Going Dark

The Encrypted Living Will

By Nicholas Weaver
Wednesday, April 27, 2016, 10:09 AM

The father of a colleague of mine once suffered a stroke, and was quite unexpectedly rendered incapacitated. His Windows laptop contained critical information, and was protected by a password known only to him. Fortunately, because there was no disk encryption in the laptop, my colleague was able to reset the Windows password and access the needed information. In that case, the ability to access the information was a relief in an otherwise very stressful situation. But the solution comes with an unfortunate trade off. A thief could have opened the laptop just as easily as my colleague did. Because my colleague's father was a lawyer, the laptop contained sensitive client documents the theft of which would have been catastrophic.

It is not possible to have a generic backdoor to allow a dutiful son access to a laptop, without also opening up the risk of exploitation by anyone else—including a malicious actor. The techniques available to my colleague are likewise available to a thief. Apple is relatively up-front about the tradeoffs: they clearly state that without a backup or password you will not be able to get into a device. Likewise, if the phone is physically destroyed without a backup, the data is lost forever. If we elect not to preserve backups, and a device gets ruined, we typically don't blame Apple for data loss.

But, from a security standpoint, there is a genuine difference between a backdoor that works on any system and one that works only on a single system or a set of systems that I own and which I've explicitly enabled. I use two "master key" passwords—sequences of five randomly selected words—to protect my devices.  These passwords unlock my computers, my backups, my phone, and my password manager. Without them, all my data is lost. What if something happens to me? There is certain information and work which I need to keep safe now, but would want my family or law enforcement to access if I was dead or incapacitated. And so, I wrote down a copy of my master keys, which I’ve sealed it in an envelope and locked in a safe. I’ve designated a family member who knows where they are, so if I'm brutally murdered, or mangled in a car crash, or pick your catastrophe, there is a way to recover the data.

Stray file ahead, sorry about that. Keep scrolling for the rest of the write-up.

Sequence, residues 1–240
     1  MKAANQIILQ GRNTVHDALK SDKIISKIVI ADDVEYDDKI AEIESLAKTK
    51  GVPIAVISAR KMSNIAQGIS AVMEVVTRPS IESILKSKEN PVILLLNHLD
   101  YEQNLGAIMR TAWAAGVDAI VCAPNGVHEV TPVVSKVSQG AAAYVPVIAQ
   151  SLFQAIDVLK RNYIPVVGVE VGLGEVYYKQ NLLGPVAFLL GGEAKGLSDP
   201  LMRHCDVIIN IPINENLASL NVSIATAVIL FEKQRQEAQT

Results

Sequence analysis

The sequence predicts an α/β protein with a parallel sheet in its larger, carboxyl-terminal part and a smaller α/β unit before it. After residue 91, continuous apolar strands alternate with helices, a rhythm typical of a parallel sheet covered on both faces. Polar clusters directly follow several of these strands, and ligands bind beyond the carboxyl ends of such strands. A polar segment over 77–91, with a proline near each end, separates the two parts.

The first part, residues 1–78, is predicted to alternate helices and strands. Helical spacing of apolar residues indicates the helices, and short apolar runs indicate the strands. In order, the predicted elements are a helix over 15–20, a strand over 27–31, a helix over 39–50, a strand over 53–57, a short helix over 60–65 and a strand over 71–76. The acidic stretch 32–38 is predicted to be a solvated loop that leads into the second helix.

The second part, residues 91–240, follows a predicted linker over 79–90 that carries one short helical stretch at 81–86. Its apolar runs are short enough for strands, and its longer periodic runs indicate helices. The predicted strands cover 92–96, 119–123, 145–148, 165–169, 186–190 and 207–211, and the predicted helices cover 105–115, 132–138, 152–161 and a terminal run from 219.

Those developing encrypted systems offer such options all the time. iPhones can backup to the cloud and do so by default, Apple's FileVault can backup the key to the cloud and does so by default, Windows 10 consumer disk encryption can backup the key to the cloud and does so by default (and unfortunately, it did it invisibly to the user). So for all these systems, developers explicitly weaken security by default in order to protect naive users in exactly the scenarios Ben envisions here. Law enforcement or grieving relatives can access the user’s data but hopefully a thief cannot. Note, that the attempt to secure data from bad actors while preserving back up access doesn’t always succeed.

It is disingenuous to say those who advocate encryption don't understand these risks and tradeoffs: security developers tussle between security and usability every day. I can recover WhatsApp messages from a cloud backup—they've selected 'usability' over 'security' by enabling message backup in the cloud by default—but not Signal messages—they've selected 'security' over 'usability' and never knowingly allow messages to leave the phone—even though both apps use the same encryption.

In an ideal world, computers would recognize the different between a dutiful son and a thief. But constrained by technological realities, those who design systems are faced with the choice of either keeping everyone out or allowing the potential to let anyone in. Starting with an insecure system and then working to secure it is a demonstrable failure when it has been attempted. Instead, the discipline requires starting with a secure systems and then relaxing security as needed to balance usability.

The security designer's motto is effectively "We need to lock everyone out, but then the user can explicitly allow someone in if they desire."

Ben can have his encrypted living will, I already have mine.

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